rolls-royce turbo jet engine
Image: Pixabay

Aero-engine group Rolls-Royce had a worse than expected 2020, running at a £4 billion ($5,5 billion) loss, thanks to the grounding of most of the world’s aircrafts for the better part of the year.

In the financial statement released today, company Chief Executive Warren East pointed out the COVID-9 pandemic impact was most acutely felt by the company’s Civil Aerospace business. The business’ immediate response to address its cost base launched the largest restructuring in its recent history. Approximately 7,000 permanent and contractor roles have already been lost. They estimate that by the end of 2022 that number will have risen to at least 9,000, mostly in the civil aerospace division.

Rolls-Royce did not recommend a dividend payment to shareholders for 2019 and the Board will not be recommending payments until after the end of 2022.

Have you read?
Mitigating the impact of COVID-19 on economic growth

The company insists their strong liquidity position means they have enough funding to cover their operations, business development and near-term debt maturities. During 2020 $500 million (£358 million) of bonds matured and they secured $10,1billion (£7.3bn) of additional debt and equity funding to strengthen their liquidity. They also secured approvals for a $1,39 bn (£1.0bn) increase in March 2020, which they intend to leave undrawn, in addition to their existing $278 bn (£2.0bn) term-loan facility, which is supported by an 80% guarantee from UK Export Finance.

The company is targeting at least $2,79 bn (£2.0bn) from disposals by early 2022 and have already announced agreements to sell their Civil Nuclear Instrumentation and Control and Bergen Engines businesses. We expect the proceeds from the rights issue in 2020, together with business disposals and cash generated from operations over the next few years, to help return them to a net cash position in the medium term.

Company believes power systems will be the answer

“A positive albeit reduced contribution from Power Systems and growth in Defence were important to the Group’s overall performance, partly offsetting the severe impact to our Civil Aerospace business,” read the financial statement.

Rolls-Royce CEO Warren East: “We continue to invest in developing market-leading technology and low carbon opportunities in all our end markets, to create value for our stakeholders and ensure we are well positioned to take advantage of the transition to a lower carbon economy and growing demand for more sustainable power solutions.”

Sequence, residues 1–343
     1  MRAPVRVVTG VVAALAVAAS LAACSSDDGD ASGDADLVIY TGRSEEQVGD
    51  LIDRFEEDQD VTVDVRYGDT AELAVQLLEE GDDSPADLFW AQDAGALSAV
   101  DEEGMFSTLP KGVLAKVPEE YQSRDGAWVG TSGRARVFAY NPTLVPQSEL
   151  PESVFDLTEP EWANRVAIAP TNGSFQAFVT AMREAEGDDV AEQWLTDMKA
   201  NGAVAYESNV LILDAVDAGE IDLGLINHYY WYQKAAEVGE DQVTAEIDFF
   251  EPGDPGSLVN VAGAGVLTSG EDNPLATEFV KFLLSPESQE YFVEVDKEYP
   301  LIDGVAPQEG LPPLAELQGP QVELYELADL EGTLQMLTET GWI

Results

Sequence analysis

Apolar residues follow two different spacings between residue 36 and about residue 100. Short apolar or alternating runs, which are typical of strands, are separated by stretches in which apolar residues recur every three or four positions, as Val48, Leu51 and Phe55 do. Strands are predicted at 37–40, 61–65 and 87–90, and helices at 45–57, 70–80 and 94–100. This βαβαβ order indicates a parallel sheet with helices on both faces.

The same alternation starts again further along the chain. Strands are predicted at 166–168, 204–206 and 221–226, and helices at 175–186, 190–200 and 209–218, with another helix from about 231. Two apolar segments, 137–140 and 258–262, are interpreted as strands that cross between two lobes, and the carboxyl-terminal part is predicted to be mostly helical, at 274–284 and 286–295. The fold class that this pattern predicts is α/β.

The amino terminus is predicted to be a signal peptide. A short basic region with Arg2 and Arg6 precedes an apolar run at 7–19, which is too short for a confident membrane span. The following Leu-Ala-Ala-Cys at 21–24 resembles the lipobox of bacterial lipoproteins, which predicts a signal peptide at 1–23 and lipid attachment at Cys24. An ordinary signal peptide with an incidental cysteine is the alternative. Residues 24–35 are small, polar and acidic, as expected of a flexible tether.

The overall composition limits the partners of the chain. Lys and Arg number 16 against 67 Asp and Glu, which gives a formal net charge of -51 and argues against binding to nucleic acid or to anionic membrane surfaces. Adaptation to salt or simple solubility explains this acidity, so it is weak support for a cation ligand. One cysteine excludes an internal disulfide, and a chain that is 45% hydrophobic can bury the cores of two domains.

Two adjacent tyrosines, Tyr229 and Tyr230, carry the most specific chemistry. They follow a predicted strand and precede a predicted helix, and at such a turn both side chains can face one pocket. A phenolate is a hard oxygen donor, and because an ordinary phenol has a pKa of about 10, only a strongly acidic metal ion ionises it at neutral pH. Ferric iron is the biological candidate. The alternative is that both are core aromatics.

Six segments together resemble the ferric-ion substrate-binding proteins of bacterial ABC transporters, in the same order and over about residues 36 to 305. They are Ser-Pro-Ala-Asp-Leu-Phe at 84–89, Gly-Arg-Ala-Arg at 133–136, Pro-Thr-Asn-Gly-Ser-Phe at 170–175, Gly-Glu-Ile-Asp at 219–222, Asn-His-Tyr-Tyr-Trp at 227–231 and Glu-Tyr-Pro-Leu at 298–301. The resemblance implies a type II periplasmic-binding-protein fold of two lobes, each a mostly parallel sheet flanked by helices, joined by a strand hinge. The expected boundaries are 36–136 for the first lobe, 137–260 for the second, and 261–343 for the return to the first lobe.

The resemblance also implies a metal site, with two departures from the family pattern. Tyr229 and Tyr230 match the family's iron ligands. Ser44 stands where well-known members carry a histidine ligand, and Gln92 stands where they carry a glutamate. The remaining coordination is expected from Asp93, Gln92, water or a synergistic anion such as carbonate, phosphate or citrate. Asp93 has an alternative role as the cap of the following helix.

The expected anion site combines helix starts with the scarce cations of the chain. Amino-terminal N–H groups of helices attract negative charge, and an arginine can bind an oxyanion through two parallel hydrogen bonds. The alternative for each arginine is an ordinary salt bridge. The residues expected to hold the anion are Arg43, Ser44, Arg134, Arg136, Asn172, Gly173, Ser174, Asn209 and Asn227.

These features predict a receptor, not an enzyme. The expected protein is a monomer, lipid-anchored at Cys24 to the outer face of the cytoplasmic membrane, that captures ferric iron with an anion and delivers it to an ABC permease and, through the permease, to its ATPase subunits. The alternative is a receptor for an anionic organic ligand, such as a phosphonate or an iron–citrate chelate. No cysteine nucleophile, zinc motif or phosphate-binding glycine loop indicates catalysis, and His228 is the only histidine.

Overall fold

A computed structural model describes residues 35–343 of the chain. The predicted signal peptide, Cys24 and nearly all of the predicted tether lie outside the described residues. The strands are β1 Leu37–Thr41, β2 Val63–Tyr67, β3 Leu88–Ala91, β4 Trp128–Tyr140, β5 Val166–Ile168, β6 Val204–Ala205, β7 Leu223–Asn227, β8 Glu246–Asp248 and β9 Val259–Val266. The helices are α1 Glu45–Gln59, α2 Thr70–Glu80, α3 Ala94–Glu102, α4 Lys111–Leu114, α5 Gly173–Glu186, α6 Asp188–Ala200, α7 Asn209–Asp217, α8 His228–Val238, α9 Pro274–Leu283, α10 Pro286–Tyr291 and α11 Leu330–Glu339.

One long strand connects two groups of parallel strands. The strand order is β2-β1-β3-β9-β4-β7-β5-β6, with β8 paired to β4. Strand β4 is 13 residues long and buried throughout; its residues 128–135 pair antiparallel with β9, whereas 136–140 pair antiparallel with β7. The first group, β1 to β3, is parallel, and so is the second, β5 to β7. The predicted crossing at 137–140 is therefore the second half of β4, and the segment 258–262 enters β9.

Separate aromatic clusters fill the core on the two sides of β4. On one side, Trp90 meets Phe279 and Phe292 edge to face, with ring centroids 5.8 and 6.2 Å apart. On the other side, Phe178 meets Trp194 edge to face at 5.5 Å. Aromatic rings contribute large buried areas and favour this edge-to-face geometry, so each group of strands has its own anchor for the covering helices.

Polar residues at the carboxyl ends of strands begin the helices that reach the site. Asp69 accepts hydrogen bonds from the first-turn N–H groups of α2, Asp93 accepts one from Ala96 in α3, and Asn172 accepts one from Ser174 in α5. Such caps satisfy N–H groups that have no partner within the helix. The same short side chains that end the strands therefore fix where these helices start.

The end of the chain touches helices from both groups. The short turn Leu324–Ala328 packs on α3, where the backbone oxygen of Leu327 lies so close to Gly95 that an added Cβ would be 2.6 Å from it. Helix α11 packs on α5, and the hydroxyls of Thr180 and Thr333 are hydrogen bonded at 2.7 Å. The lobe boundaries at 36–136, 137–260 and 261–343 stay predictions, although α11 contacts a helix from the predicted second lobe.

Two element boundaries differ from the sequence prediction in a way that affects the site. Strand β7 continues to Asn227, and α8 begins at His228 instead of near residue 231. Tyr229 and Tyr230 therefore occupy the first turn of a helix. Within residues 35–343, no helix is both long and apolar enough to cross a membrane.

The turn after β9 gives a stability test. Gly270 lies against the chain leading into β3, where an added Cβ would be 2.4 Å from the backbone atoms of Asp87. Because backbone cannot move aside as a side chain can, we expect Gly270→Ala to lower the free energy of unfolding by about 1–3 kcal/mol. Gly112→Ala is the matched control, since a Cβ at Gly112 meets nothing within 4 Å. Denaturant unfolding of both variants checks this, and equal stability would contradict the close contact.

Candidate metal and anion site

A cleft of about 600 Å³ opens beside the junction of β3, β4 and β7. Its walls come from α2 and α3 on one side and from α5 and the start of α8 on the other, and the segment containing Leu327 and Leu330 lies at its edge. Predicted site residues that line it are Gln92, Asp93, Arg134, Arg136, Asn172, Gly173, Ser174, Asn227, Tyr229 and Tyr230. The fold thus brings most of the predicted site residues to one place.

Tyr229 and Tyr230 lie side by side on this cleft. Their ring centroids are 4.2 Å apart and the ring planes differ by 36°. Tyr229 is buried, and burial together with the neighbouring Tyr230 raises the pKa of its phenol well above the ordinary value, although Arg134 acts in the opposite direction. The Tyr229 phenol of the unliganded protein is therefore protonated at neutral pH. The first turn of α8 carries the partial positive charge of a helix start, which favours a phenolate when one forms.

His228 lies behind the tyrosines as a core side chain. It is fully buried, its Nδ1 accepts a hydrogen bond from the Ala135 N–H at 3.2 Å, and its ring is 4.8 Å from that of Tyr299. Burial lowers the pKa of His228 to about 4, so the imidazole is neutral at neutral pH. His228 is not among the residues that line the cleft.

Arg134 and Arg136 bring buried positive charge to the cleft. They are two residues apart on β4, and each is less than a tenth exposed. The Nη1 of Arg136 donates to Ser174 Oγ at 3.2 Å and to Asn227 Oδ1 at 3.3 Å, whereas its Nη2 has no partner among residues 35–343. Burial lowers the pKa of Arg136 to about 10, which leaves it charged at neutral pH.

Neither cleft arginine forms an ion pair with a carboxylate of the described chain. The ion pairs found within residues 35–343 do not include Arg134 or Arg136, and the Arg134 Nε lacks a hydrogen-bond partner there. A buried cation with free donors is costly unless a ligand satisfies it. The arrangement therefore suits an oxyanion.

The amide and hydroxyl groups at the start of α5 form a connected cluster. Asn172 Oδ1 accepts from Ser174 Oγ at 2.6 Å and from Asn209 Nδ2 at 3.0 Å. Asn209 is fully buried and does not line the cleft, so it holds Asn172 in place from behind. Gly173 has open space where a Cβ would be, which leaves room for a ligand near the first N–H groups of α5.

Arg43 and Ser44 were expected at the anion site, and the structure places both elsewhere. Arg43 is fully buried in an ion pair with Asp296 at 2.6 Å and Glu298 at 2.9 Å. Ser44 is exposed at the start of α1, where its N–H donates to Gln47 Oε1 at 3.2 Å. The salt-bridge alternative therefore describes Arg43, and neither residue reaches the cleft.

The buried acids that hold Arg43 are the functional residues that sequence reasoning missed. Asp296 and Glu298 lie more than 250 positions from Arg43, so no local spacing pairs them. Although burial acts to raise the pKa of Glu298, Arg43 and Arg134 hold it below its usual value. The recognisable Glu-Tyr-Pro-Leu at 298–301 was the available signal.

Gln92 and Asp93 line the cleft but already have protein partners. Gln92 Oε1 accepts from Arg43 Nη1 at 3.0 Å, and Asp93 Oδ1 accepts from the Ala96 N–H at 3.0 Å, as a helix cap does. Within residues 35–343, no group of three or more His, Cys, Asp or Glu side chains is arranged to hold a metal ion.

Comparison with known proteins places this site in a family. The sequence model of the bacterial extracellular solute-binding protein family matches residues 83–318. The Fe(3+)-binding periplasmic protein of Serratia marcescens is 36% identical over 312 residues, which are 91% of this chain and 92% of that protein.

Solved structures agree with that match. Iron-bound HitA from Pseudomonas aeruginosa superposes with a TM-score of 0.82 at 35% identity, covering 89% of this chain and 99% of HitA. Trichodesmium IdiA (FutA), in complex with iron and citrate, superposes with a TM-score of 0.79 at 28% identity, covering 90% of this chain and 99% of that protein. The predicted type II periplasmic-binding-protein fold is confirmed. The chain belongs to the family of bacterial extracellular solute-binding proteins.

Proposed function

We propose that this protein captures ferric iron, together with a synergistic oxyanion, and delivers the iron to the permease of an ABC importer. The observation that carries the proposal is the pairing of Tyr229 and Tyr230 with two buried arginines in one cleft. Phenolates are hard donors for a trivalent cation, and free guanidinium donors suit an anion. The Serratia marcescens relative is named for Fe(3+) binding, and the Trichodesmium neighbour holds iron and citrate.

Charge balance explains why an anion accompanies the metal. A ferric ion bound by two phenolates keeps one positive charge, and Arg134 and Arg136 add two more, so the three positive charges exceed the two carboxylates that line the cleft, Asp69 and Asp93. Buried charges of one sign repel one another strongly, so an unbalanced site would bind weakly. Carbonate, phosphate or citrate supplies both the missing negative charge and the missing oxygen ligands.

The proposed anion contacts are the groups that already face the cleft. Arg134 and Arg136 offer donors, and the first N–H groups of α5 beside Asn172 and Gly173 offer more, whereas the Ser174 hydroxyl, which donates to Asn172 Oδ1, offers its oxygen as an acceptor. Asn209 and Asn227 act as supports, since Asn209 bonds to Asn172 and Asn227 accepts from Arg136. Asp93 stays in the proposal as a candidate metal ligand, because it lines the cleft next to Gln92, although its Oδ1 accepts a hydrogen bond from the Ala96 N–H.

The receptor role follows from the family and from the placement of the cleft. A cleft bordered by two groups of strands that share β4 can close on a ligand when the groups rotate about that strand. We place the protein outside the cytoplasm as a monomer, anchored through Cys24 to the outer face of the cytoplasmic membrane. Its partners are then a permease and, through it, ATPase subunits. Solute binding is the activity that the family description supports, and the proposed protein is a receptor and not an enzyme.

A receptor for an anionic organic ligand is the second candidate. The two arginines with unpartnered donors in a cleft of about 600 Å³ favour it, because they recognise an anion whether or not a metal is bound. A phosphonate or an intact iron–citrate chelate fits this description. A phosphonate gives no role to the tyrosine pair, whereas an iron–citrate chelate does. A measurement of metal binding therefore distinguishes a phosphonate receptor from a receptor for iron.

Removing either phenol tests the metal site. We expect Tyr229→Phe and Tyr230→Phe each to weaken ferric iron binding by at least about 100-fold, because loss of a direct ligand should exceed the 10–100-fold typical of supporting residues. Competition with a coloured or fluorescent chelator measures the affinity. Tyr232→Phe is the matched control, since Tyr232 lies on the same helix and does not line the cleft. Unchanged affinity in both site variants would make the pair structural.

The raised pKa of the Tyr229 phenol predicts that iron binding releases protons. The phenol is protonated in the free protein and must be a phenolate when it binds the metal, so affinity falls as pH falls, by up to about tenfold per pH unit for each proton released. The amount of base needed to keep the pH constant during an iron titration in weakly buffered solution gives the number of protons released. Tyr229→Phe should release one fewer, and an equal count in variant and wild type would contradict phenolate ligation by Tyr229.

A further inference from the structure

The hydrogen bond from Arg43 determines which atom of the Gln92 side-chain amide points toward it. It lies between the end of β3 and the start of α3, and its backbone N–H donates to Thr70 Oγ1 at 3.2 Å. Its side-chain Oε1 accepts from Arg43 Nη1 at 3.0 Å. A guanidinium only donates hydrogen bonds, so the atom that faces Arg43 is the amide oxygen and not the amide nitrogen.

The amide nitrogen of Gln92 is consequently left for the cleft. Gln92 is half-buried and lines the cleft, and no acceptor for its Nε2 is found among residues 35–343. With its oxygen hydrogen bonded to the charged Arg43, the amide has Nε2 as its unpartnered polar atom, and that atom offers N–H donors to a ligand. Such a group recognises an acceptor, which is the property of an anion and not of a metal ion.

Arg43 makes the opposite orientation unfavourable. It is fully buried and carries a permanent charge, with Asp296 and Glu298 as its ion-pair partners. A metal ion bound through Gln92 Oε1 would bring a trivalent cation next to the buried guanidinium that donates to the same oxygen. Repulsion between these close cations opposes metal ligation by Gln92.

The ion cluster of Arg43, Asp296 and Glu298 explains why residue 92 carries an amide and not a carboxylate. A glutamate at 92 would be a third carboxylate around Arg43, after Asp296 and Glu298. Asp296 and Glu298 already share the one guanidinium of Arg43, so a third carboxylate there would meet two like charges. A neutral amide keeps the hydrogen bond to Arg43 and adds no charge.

The company’s near-term outlook remains uncertain and highly sensitive to the developments around the COVID-19 virus and related measures taken by governments around the world. Thus, the near-term environment for the civil aerospace remains highly uncertain. Rolls Royce will plan for a range of recovery scenarios, but their central assumption for now is for a gradual market recovery in 2021. They posit a slow start to the year but an acceleration in the second half as global vaccine roll-outs progress and travel restrictions ease.

Have you read?
Rolls-Royce takes majority holding in power storage specialist Qinous

Based on Power Systems’ short cycle exposure and the growth potential of key markets such as China, Rolls-Royce expects an improvement in the order intake during the first half of 2021, which should convert to a recovery in sales from the second half of the year. They believe revenue levels will return to approximately 2019 levels at some point in 2022.

Longer term, they do see growth opportunities for Power Systems across existing activities (such as back-up power and expansion in China) and in new low carbon solutions such as microgrids, hydrogen and hybrid-electric power solutions.

Rolls-Royce’s road to net zero is lined with R&D

In preparing their consolidated financial statements, Rolls-Royce management did consider the impact of climate change, in the context the company’s stated net zero targets. However, they don’t believe climate change is going to have a significant impact on the Group’s going concern assessment to September 2022, or the viability of the Group over the next five years.

They will though continue to invest in new technologies, including hybrid electric solutions in Power Systems and continue developing a more efficient UltraFan aero engine, testing of sustainable aviation fuels, SMRs and hybrid and full electric propulsion.

 The Group will continue to invest in onsite renewable energy generation solutions for their facilities. This investment is included in their five-year forecasts to enable them to meet their 2030 target for zero greenhouse gas emissions from their operations and facilities.

Rolls-Royce publically affirmed its ambition to achieve net zero carbon by 2050 when it joined the UN Race to Zero campaign in 2020.

Have you read?
Rolls-Royce joins the net-zero carbon by 2050 ambition

During last year approximately 7% of their research and development (R&D) spending was related to low carbon technologies (2019: 4%) and 38% towards next generation engine development with the remainder spent on delivering or enhancing their current product portfolio.

“The engine programmes we launched in recent years are now maturing and our investment priorities are pivoting towards lower carbon solutions as well as a more equitable balance across our business units. We intend to dedicate approximately 20% of our annual R&D expenditure to low carbon solutions including small modular reactors (SMRs), hybrid, hydrogen and electric power technologies, by 2023,” the financial statement reads.